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Trishul for Itsopensource

Posted on • Updated on • Originally published at

How to use console command effectively

console.log is the most widely used debugging technique used by Javascript developers. While debugging console.log is sprinkled almost anywhere in the code, after code execution, console panel is full of console messages, this blog lists some useful console commands which can help to format and declutter console panel for more meaningful console messages.


Basic usage

// 123

console.log("abc", 123);
// abc 123

console.log([1,2,3], "abc", 123);
// Array(3) [ 1, 2, 3 ] abc 123

Substitution in console

console.log("This is a %s example also accept %d number, and %o object too", "substitution", 33, { a: 1 });

Please take care of the sequence of params

Styling in console

console accepts CSS styles we can use %c to pass CSS styles 😎. Styles apply to whatever text is after %c. It can be mixed with substitutions too, but again make sure of the sequence of parameters.

console.log("This is some %cShow off console message", "font-size:30px; color: #fff; background: #3d7e9a");



This is generally used for conditional logging, accepts a condition as the first param, and logs the next params only if the given condition is false with Assertion failed error.

const a = 1;
console.assert(a===1, "a is not equal to 1");
console.assert(a===2, "a is not equal to 2");
// Assertion failed: a is not equal to 2



When we try to measure the performance of a website or a function we use to add console.log( before and after a function and do the maths to get execution time. Javascript has a native way to achieve this. console.time marks the start of time, console.timeEnd stops the timer and gives the total time taken. console.time takes label as a parameter in case you want to use multiple timers. console.timeLog can be used anywhere in between to check time elapsed till then.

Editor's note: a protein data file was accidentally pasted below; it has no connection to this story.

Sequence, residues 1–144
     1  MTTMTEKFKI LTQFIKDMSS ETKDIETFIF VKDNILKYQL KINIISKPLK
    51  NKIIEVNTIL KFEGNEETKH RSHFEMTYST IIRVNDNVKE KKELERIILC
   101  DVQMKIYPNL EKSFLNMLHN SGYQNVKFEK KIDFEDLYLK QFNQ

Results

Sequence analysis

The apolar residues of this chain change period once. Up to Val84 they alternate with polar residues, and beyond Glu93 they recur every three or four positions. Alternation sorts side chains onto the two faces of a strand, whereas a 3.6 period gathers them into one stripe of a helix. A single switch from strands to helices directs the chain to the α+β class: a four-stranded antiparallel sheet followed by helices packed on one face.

function checkTime() {
  for (let i = 0; i <= 300000000; i++) {
        if (i === 15000000) console.timeLog("checkTime");

// checkTime: 24ms
// checkTime: 396ms - timer ended



There are times where we want to count how many times a function is called, we need to create a dummy counter just for logging, console.count handles this, every time it is called it increments by 1 and consoles the value against the passed label or default. We can use multiple counters in the same code with different labels. Any counter can be reset with console.countRest passing respective label or nothing in case of default.

// myCounter: 1
// myCounter: 2
// myCounter: 3
// myCounter: 0
// myCounter: 1


Top comments (1)

pavelloz profile image
Paweł Kowalski • Edited

Hey, great post. It inspired me to throw 2 more to the mix based on your list :)